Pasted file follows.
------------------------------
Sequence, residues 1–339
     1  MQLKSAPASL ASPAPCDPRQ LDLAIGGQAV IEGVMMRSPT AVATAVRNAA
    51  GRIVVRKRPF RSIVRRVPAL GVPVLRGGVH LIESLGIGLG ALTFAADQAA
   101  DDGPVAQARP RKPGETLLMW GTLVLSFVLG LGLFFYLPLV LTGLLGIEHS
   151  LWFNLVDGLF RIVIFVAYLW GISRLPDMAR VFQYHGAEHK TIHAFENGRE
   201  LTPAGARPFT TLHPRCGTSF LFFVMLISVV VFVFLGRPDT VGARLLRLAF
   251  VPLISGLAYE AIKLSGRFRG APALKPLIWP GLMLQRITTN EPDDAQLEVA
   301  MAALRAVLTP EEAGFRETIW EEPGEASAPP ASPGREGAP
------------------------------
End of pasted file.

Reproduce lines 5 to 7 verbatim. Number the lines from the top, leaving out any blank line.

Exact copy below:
   151  LWFNLVDGLF RIVIFVAYLW GISRLPDMAR VFQYHGAEHK TIHAFENGRE
   201  LTPAGARPFT TLHPRCGTSF LFFVMLISVV VFVFLGRPDT VGARLLRLAF
   251  VPLISGLAYE AIKLSGRFRG APALKPLIWP GLMLQRITTN EPDDAQLEVA